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The Stinky Side of Summer Jobs

By Stephen C. Schultz


Throughout our lives, from the time we are infants to the transition to adulthood we are constantly moving about. As infants, we travel across the floor on our stomach. As kids we ride the bus to school. As adults we may ride the metro to work and drive our cars to the mall. As kids, we ride our bikes, long boards, skate boards, scooters and tricycles. In rural areas some kids still ride horses to school.
Some of us live in the city, others the suburbs and still some out in the country. Our chores may include doing the dishes, mowing the lawn, feeding the cows or moving pipe. These activities of daily living are often simply a part of everyday life. So much so that we may not even pay attention to the patterns and structure of the life we are living.

Habits are formed and our perception of our environment becomes numb as we navigate our everyday activities. I recall my mother giving me a ride to school one day. It was early in the morning and there was broken conversation mixed with blank stares out the window and songs on the radio. I snapped out of my trance-like stuper when my mother pulled in the parking lot of the Hospital. She is a nurse, and neither one of us noticed she was habitually driving to work as opposed to taking me to school.
When a perceptible stimulus does not change across time, then it is said that this constitutes habituation or adaptation. If a stimulus is constant, then the response becomes weaker and weaker across time.
Fisher, Bell & Baum share in their text entitled Environmental Psychology, an example of an individual who moved to a town located near a large cattle feed lot. This individual, when inquiring of the townspeople what they thought of the terrible smell, was surprised to have them answer; “What smell?” To the townspeople, habituation or adaptation had occurred. Yet, to the newcomer, the feed lot odor was quite appalling.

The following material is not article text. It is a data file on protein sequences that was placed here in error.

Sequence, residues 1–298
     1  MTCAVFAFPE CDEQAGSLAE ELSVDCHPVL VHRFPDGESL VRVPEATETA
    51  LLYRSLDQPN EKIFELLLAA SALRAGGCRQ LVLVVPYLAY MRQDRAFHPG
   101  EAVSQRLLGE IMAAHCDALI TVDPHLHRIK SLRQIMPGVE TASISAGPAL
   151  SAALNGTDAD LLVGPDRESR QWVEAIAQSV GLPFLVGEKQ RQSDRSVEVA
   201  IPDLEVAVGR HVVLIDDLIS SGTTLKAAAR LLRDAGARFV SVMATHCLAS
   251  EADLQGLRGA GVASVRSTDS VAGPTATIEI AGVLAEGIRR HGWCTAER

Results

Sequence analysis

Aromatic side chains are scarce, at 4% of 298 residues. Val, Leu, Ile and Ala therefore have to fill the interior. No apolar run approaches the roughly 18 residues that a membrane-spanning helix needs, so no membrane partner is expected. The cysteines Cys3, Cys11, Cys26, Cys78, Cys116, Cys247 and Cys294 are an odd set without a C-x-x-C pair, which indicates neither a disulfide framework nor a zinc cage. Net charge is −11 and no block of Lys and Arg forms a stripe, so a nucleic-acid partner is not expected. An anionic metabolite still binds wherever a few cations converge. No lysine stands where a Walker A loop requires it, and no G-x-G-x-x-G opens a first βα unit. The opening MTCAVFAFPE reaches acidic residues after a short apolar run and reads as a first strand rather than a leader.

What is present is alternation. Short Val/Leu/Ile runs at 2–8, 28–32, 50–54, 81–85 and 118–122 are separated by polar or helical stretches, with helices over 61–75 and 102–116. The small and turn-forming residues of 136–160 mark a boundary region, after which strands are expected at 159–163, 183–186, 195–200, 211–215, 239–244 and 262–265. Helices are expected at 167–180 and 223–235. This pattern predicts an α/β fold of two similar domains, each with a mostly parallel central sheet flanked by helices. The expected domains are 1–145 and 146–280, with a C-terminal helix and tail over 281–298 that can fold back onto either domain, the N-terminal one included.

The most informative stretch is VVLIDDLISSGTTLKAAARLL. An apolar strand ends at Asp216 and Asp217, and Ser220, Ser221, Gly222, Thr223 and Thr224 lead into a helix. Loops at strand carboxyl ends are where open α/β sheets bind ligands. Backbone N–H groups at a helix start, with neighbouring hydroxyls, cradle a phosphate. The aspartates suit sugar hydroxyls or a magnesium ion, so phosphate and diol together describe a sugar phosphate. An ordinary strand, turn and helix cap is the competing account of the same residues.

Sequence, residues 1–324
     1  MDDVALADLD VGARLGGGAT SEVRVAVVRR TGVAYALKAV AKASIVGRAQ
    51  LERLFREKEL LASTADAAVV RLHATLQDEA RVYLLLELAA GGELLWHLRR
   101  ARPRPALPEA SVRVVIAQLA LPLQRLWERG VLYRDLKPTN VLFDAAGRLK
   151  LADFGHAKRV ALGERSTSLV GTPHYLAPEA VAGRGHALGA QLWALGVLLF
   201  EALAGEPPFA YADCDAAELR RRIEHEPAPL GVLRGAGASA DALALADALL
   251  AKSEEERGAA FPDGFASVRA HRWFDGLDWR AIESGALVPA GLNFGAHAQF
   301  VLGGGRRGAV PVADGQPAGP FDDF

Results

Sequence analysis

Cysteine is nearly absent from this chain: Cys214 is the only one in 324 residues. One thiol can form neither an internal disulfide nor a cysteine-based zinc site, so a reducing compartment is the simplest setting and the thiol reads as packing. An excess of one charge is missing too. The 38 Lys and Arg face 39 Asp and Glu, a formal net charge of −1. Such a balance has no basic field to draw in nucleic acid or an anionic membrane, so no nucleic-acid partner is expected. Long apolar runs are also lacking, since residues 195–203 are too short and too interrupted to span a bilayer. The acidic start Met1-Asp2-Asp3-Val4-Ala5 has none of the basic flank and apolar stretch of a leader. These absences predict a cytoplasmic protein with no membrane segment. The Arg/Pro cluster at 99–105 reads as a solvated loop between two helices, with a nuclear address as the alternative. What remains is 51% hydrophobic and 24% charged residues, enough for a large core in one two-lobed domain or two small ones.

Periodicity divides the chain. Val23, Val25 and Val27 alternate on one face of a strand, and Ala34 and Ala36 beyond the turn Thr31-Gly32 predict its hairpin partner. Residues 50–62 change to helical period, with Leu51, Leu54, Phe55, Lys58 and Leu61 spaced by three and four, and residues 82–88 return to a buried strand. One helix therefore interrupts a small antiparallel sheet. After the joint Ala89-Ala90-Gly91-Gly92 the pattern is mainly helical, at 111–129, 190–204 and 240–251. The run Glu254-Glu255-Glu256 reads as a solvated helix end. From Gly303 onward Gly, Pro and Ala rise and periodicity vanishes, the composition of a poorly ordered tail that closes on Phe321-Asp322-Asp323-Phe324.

We have a similar thing happening in society that no one seems to notice. There is a subtle transition taking place in the United States economic and social landscape. Far fewer teenagers today have the proverbial “Summer Job” than in years past. More students are graduating high School and College without ever having been exposed to the rigors of the workplace. They have not experienced the drudgery, discipline, challenges and rewards of summertime employment.

Between 1948 and 1989, more than half of teenagers worked in a summer job; this according to the U.S. Bureau of Labor Statistics. By 2003 the percentage had dropped to 42 percent. Currently, the percentage of teens working at summer jobs is at it's all time lowest point of 30 percent.
What “adaptation” is taking place with the 70 percent of teens who do not have the opportunity to have a summer job? Work is a formative experience and provides education that cannot be obtained in the classroom. Having a boss, working with co-workers, learning of customer service and developing “work hardening” skills; setting an alarm, getting up and ready for work, day in and day out are all valuable life lessons. There is also the opportunity to experience what you are interested in for a career and what you just can’t stand doing. Students generally gain an appreciation for what it takes to earn a dollar. All of a sudden, the idea of mom and dad as the human ATM machine takes on new meaning. All of these are helpful life lessons that are better learned sooner than later. The modern day workplace can be a very unforgiving place if you are not prepared with marketable work and interpersonal skills.
Is there a negative cost to our society and economy when a 22 year old college graduate is learning these lessons that could have been learned at 15 years old? Is there an emotional or developmental delay that is inadvertently happening as more and more students don’t see value in a summer job? Could this situation be contributing to the many families struggling with young adults and the "Failure to Launch" phenomenon. What used to be an important stage of human development is quickly disappearing. As a society, are we becoming accustomed to the fact that the majority teens just don’t work in the summer anymore?
For me personally…that stinks!

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Greaat blog you have here

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